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Olympic Athletes Overcome Challenges To Win Gold

The 2012 Summer Olympics are in full swing. As we cheer on the world's finest athletes, we can only imagine the amount of hard work and practice it must take to become the best of the best. Some Olympic athletes have had more than just dedication and a rigorous training schedule to deal with; many have had serious health issues to overcome as well.


Oscar Pistorius, the South African sprinter known as the "blade runner", has been dealt one of the most obvious hurdles. He was born without fibulas and was a double amputee by age one. With 4 Paralympic Gold medals under his belt, he made history as the first double amputee to compete in the Summer Olympics. You can watch this amazing athlete in action here.

Other athletes have been touched by health issues that are not as obvious. USA swimmer Eric Shanteau, competed in the 2008 Summer Olympics 2 weeks after receiving a diagnosis of testicular cancer. He went on to get a personal record that year, underwent treatment and recently won a gold medal in the 2012 Summer Olympics. Another US athlete who shares a cancer diagnosis, is Men's Volleyball player Jake Gibb. After already facing skin cancer in 2004, he first learned of his next battle with cancer when he failed the mandatory drug test. The test showed elevated hormone levels in his blood, a sign of "doping" or in his case, a result of testicular cancer. Now he can brag about being a 2 time cancer survivor and a 2 time olympian .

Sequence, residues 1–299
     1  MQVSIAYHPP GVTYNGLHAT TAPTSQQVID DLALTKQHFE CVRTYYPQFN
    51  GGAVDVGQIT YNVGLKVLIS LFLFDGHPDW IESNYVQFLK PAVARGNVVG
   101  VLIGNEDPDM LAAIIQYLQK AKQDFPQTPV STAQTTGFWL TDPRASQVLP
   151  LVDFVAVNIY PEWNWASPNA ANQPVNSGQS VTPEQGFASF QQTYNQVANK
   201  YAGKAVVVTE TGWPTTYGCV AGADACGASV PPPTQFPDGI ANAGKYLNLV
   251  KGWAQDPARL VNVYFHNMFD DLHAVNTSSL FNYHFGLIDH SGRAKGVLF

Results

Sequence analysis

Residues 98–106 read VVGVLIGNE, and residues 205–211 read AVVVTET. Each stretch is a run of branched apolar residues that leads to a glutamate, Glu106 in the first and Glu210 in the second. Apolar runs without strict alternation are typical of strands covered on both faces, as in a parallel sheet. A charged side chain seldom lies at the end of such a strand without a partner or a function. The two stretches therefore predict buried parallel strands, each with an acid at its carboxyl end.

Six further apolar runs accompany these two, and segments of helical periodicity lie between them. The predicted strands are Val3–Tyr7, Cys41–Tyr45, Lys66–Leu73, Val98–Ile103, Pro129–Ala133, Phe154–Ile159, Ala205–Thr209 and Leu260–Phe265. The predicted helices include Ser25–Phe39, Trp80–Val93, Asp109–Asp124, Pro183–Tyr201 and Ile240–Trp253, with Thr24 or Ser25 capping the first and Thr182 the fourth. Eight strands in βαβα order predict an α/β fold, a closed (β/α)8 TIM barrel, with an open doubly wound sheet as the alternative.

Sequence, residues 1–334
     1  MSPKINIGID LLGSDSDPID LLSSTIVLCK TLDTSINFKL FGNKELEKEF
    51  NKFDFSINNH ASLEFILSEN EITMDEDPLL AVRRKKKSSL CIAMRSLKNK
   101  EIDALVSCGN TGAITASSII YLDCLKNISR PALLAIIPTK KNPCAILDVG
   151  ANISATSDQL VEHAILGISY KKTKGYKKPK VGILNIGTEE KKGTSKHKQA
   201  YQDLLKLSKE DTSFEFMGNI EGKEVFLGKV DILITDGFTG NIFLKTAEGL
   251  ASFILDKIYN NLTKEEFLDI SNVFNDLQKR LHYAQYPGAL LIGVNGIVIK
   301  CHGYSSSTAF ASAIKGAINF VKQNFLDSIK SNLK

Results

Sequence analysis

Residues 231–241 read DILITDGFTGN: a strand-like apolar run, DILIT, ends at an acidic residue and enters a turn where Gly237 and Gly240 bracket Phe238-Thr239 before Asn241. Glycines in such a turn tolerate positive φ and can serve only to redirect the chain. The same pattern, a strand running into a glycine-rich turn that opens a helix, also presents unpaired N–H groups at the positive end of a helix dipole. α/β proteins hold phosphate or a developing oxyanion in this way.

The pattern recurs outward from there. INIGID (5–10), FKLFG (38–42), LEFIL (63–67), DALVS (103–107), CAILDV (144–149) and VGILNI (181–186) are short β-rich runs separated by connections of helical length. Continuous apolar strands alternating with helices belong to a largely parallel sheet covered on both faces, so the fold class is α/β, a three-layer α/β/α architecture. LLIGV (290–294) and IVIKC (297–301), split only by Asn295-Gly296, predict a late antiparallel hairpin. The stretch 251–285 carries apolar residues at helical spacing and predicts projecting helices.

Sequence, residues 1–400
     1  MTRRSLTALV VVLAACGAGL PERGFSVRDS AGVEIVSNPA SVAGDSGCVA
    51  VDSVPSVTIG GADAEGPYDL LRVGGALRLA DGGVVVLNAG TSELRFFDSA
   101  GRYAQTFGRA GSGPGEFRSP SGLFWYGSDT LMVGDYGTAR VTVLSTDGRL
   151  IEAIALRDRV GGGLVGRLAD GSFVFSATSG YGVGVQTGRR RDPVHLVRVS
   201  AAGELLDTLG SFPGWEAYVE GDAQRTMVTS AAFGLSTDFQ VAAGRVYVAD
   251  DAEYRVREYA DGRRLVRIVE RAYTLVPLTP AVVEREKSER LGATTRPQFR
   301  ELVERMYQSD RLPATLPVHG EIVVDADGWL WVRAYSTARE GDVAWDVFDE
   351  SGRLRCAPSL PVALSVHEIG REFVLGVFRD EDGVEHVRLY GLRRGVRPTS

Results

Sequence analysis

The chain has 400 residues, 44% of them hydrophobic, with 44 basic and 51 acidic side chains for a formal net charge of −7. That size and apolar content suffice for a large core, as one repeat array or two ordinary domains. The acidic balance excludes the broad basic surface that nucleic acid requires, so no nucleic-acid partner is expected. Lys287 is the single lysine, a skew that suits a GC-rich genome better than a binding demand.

Venus Williams, one of the most famous women tennis players and olympic gold medalists, made headlines in 2011 when she revealed that she has Sjorgren's Syndrome. Sjorgren's Syndrome is a little known, incurable auto-immune disease that causes severe fatigue and joint pain. She's currently attributing changes in lifestyle, namely her new vegan diet, to her ability to stay competitive and bring home more gold medals for the US.

US Olympic kayaker, Carrie Johnson began suffering from anemia, weight loss and overwhelming fatique while training for the Athens Olympic games. After being forced by her symptoms to cut back on her training, doctors finally solved the mystery. It was Crohn's Disease, a chronic inflammatory disease of the intestines. Once the diagnosis was made, she and her doctors worked together to manage the symptoms and she was able to compete and place better than any other US kayaker in history. She refused to let an occasional flare-up stop her from what she had worked so hard for.

Tales of olympic athletes who have overcome obstacles are nothing new, and the list of those who have beat the odds could go on and on. Rising to the top with health problems or other hardships proves that these athletes not only have extraordinary physical strength and talent, but also have unmatched will, determination, and inner strength.

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